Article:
Shear flow in thin-walled members -- Hibbeler confusion

In summary, Hibbeler's Engineering Mechanics, Mechanics of Materials discusses thin-walled members under shear force and how the moment of inertia is computed using different methods. The first calculation is an approximation, while the second calculation is exact.
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arestes
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TL;DR Summary
Hibbeler computes moment of inertia of thin-walled member with exact dimensions. In more recent edition, it uses "centerline" dimensions. Results are close to each other but which one is "more" right?
Hello:
I was reading about thin-walled members under shear force, specifically example 7-7 of Hibbeler's Engineering Mechanics, Mechanics of Materials.
First, the fourth Edition:
fourth edition.jpg

As you can see above. He starts by computing the moment of inertia on the first equation by subtracting a rectangle to another rectangle (the hole). This is clear.

However, the most recent edition I have (Ninth edition) computes the moment of inertia (again, same problem, same data) on the first equation:
NINTH EDITION.jpg

Here Hibbeler uses "centerline" dimensions (which, I guess it's just an approximation). I understand that both computations are close. I could argue that one is just a convenient approximation. However, I read some parts of the theory about shear flow. For example, shear stress due to torsion needs centerline area (see the chapter on torsion on this same book (thin-walled tubes having closed cross sections) and the concept of "mean area" appears. This makes me believe there's something going on with mean or centerline dimensions. After all, isn't all this based on approximations of continuum mechanics theories?
shear stress torsion.jpg


If the only difference in taking centerline dimensions and exact moment of inertia is just a matter of convenience, I'm puzzled as to why Hibbeler decided to change his first exact calculation to an approximate one, given that the exact computation was fairly straightforward.
I'm interested in getting more info about this kind of calculations. Any comments and insights would be appreciated. Thanks
 
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arestes said:
I'm puzzled as to why Hibbeler decided to change his first exact calculation to an approximate one, given that the exact computation was fairly straightforward.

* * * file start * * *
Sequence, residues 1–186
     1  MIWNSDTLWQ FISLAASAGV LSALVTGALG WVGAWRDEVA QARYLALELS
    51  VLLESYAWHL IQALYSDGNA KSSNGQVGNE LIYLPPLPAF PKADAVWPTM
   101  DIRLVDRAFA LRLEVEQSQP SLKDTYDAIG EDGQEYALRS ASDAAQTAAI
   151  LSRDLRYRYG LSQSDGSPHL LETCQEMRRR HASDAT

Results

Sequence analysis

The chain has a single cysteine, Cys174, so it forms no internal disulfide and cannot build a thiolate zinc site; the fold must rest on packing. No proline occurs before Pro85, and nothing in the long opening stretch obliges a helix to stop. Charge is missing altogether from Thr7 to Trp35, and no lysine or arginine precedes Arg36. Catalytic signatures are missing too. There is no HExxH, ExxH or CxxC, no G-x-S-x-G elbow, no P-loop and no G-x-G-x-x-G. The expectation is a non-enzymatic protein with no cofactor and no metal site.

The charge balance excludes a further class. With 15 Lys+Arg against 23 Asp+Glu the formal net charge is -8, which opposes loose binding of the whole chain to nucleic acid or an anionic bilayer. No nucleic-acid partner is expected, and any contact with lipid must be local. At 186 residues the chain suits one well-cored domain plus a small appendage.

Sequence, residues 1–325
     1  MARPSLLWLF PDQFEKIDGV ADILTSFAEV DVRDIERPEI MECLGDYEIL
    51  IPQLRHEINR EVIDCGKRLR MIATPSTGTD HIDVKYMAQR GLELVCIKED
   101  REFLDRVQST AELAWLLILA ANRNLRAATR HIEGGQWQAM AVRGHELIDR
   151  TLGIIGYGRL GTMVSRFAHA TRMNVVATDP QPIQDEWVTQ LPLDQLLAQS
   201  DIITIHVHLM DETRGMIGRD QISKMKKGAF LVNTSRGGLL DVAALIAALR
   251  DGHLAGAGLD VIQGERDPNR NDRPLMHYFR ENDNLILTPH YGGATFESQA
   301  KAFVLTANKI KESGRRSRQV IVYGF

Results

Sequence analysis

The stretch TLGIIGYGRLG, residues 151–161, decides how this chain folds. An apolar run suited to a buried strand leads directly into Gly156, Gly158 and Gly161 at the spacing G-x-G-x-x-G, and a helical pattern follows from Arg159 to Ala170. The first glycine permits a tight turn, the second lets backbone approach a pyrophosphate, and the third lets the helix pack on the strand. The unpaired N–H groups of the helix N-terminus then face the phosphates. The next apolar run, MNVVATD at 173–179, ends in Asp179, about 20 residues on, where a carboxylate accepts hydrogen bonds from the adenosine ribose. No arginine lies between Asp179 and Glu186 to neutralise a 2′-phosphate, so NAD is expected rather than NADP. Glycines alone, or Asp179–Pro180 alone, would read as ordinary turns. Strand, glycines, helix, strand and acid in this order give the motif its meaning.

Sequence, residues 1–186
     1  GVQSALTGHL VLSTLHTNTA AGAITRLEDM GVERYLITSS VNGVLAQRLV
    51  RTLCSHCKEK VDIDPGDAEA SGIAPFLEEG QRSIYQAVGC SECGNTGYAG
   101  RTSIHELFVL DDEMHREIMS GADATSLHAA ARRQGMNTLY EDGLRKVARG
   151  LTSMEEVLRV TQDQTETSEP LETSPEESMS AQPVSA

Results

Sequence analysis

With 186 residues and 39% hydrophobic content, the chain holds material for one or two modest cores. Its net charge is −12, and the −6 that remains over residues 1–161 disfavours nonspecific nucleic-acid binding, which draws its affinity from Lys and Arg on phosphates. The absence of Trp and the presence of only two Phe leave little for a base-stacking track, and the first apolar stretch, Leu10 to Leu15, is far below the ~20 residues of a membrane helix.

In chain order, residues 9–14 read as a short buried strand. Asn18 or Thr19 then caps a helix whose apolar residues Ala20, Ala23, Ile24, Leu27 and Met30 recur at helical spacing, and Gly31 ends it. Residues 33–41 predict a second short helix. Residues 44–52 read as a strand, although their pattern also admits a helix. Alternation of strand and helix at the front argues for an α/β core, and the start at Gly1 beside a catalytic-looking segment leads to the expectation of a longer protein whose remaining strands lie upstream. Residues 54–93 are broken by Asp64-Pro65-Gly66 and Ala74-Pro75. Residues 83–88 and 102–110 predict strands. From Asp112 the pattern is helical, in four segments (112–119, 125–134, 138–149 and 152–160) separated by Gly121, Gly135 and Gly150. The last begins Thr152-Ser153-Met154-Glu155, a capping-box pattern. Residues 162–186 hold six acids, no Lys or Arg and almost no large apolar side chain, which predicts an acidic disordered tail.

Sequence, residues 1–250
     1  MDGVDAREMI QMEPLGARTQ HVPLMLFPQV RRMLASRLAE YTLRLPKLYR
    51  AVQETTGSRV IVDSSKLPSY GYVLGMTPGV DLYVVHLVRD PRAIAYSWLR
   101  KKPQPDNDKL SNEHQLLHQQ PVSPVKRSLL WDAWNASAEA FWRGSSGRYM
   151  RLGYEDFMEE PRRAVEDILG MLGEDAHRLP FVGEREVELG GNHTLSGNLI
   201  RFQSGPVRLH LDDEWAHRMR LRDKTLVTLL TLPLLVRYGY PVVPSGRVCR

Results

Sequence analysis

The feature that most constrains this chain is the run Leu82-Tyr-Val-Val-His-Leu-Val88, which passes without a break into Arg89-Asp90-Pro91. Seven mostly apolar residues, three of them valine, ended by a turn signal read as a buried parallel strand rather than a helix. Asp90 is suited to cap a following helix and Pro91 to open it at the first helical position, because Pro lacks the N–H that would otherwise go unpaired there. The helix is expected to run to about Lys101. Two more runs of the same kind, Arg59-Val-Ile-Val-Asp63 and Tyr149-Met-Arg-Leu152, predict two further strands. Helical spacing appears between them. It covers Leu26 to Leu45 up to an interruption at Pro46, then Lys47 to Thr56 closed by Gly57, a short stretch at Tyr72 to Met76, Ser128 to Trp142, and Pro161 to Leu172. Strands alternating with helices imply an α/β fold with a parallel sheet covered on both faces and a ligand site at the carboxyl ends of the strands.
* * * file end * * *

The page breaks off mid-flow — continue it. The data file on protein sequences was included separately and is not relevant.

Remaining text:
The first calculation is also an approximation from continuum mechanics. One of the larger assumptions being that the shear stress is constant over the width of a member. So, the "regular" shear stress formula is an average value assuming uniform stress distribution. This assumption quickly falls apart as the width/height ratio of a member increases, e.g. in thin-walled members.

The thin-walled approach explicitly ignores thickness terms above 2nd order in it's derivation/simplification. It also ignores shear flow perpendicular to the thin-walled members.

It would be interesting to compare both approaches to the theory of elasticity, but I don't have much insight into the magnitudes of deviations from deeper theory.. Maybe a continuum mechanics expert could chime in.
 
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Related to Shear flow in thin-walled members -- Hibbeler confusion

1. What is shear flow in thin-walled members?

Shear flow in thin-walled members refers to the distribution of shear stress along the cross-section of a structural member, such as a beam or column, that has a thin wall compared to its overall length. It is an important concept in structural engineering, as it affects the strength and stability of the member.

2. How is shear flow calculated?

Shear flow is calculated by dividing the applied shear force by the moment of inertia of the cross-section. This results in a shear stress value that is distributed along the cross-section, with the highest values occurring at the edges and decreasing towards the center.

3. What is the difference between shear flow and shear stress?

Shear flow and shear stress are related concepts, but they are not the same thing. Shear stress is a measure of the force per unit area that is acting on a material, while shear flow is a measure of the distribution of that shear stress along a cross-section.

4. How does shear flow affect the design of thin-walled members?

Shear flow is an important consideration in the design of thin-walled members, as it can significantly affect the strength and stability of the member. Engineers must carefully calculate and account for shear flow when designing these types of structures to ensure they can withstand the expected loads.

5. Why is there confusion surrounding shear flow in thin-walled members?

The concept of shear flow can be confusing for some because it involves both shear stress and moment of inertia, which are separate concepts. Additionally, the distribution of shear stress along a cross-section can be difficult to visualize and understand. It is important for engineers to have a strong understanding of shear flow in order to properly design and analyze thin-walled members.

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